A new eBook in climate policy has just come out which I think should be on the reading list of environmental economists and policy makers alike. It is edited by Francesco Caselli, Alexander Ludwig, and Rick van der Ploeg.
Country-specific insights for implementing achievable and efficient climate change policies
Countries worldwide have pledged to combat climate change and reduce greenhouse gas emissions, yet real concerns exist that targets will not be met and aspirations for the 2015 Paris agreement will fall short. A new CEPR eBook, with contributions from economists working in more than 18 countries, provides timely and concise recommendations on achievable and efficient climate change policies that can be fast-tracked for implementation. The research makes clear that there is no ‘one size fits all’ solution. Achievable objectives and ‘low-hanging fruit’ differ across countries, depending on political constraints, geography, natural-resource endowment, industrial structure, government institutions and more. Crucially, in order to guarantee that world climate goals are achieved, and that the world economy thus reaches net-zero emissions of greenhouse gases, effective and feasible policies must be implemented post haste.
This CEPR eBook, edited by Francesco Caselli, Alexander Ludwig, and Rick van der Ploeg, offers contributions to each of the featured nations’ debates over which climate change policies should be fast tracked. The authors discuss which policies will have the fastest and/or largest cumulative impact, which strategies are the most technically or financially feasible, and which are least likely to hit political-economy obstacles to their implementation.
Caselli, Ludwig and van der Ploeg
“Two things are clear: the arsenal of policies that can be called upon to achieve net zero emissions is rich and varied, and any delay in implementing these will invariably lead to much higher costs.”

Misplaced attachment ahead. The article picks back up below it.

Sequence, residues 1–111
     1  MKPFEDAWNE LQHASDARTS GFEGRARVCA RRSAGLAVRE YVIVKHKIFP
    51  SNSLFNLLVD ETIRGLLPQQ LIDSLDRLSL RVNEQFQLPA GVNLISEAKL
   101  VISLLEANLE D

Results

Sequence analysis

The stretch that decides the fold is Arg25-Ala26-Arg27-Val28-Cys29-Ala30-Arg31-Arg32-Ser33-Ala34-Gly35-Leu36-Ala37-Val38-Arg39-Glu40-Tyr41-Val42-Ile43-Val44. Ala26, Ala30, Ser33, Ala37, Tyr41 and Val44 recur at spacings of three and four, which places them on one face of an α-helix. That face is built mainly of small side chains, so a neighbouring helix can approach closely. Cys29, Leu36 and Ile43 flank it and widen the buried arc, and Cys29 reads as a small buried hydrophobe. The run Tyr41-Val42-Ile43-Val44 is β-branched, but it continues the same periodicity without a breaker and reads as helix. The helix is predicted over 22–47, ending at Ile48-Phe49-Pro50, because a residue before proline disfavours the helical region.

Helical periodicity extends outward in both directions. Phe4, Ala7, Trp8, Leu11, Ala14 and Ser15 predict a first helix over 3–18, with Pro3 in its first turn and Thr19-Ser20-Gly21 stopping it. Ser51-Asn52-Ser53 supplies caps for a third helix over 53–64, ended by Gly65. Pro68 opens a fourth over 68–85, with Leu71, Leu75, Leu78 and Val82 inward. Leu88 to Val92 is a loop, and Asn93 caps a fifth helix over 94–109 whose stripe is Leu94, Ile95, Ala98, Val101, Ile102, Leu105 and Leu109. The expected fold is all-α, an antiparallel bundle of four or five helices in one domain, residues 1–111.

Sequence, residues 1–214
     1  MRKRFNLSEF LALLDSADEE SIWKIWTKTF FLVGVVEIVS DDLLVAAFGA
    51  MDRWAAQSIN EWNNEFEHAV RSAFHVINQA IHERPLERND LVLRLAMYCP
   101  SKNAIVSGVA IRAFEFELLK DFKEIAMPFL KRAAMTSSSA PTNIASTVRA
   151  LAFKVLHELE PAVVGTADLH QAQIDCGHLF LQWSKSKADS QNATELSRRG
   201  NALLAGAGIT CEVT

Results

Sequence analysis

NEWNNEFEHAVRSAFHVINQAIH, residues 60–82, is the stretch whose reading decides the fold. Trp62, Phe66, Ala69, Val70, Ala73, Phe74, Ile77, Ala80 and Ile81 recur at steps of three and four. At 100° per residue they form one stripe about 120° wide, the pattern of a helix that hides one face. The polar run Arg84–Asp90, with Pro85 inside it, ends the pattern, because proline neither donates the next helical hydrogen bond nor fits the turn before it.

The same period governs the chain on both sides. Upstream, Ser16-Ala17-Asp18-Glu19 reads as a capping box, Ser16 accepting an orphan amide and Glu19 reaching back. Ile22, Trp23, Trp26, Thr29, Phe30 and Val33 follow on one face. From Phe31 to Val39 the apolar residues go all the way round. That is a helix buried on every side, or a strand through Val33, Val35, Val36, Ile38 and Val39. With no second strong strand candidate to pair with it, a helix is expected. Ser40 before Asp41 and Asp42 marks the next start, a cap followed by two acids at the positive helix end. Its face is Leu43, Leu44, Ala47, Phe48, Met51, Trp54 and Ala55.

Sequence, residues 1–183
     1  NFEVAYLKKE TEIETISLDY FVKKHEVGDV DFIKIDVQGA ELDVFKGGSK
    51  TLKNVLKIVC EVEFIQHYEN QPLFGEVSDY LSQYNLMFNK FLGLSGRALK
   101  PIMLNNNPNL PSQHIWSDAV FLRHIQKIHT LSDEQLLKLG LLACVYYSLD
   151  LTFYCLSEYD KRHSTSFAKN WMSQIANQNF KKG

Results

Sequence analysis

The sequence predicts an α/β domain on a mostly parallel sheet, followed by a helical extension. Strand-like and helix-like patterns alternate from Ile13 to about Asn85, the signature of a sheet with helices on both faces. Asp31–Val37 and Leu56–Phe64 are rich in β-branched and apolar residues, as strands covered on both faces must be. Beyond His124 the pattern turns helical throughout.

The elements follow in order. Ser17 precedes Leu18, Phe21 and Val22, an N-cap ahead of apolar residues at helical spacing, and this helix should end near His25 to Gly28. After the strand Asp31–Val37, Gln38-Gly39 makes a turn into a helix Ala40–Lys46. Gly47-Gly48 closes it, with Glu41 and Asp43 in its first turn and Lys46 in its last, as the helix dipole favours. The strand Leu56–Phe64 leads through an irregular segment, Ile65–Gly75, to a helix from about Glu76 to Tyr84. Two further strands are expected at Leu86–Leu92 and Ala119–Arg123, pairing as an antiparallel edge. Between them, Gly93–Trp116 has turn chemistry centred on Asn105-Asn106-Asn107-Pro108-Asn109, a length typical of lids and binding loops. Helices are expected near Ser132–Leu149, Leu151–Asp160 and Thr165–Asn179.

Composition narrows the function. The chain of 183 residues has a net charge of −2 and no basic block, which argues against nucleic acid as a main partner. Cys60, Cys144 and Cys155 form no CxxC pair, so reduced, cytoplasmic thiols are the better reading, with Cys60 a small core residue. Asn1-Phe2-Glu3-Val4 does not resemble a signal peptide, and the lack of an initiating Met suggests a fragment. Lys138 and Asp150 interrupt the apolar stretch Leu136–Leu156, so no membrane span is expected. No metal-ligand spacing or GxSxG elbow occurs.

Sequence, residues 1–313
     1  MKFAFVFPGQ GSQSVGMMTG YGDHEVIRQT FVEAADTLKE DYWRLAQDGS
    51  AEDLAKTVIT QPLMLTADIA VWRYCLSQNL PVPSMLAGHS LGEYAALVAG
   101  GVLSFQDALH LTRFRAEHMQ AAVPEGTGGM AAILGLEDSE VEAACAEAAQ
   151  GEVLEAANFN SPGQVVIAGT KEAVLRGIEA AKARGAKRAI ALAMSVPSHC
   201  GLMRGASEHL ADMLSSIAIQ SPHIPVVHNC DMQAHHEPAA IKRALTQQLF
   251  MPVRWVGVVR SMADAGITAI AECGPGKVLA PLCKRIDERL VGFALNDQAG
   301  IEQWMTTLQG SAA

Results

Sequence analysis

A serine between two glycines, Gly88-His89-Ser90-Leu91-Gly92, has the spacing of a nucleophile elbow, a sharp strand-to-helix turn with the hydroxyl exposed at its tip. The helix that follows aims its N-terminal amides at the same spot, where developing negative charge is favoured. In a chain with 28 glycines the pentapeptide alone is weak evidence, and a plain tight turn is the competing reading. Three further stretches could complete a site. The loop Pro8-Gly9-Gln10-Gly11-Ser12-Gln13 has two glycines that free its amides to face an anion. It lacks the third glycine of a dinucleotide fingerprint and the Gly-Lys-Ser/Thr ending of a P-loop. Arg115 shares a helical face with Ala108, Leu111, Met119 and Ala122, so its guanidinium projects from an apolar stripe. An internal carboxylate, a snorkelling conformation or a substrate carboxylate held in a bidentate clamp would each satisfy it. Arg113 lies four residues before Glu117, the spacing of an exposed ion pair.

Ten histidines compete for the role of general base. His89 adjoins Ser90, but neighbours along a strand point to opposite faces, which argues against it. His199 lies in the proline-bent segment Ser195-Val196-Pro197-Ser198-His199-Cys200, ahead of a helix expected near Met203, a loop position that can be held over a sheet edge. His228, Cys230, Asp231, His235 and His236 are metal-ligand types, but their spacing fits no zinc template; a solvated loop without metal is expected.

It is also evident from the research that policymakers can learn from established and successful policies already in existence in other countries, and several common themes emerge which authors suggest must be capitalised on. These include, reforming policies on carbon taxation and regulations on carbon emissions, rethinking policies on the price mechanism and the elimination of energy subsidies, the use of retraining programmes aimed at increasing the supply of ‘green’ skills, increases in public investment in green infrastructure, better information provision on the climate risk involved in respective technologies, and others. Chapters within the eBook can serve as useful case studies for other countries, allowing them to identify similar low-hanging fruit – particularly at a point when some countries are further behind in their fight against carbon emissions than others. The authors also highlight general climate policy priorities, transcending the country specific research which forms the focus of this book. These include mandating the phasing-out of all fossil fuel extraction, ending subsidies for fossil fuel or carbon-intensive economic activities, pricing carbon as uniformly as possible for each country and each sector to internalise the global warming externalities resulting from emissions, subsidising renewable energy production to internalise learning-by-doing externalities, tree planting, and climate-friendly agricultural innovation. Time is running out in the global fight against climate change. This eBook contributes towards the growing discourse with comprehensive analysis and detailed appraisals on a range of practical and cost-effective policy actions that governments can implement in the short- and long-term, in order to work towards attaining their respective climate objectives.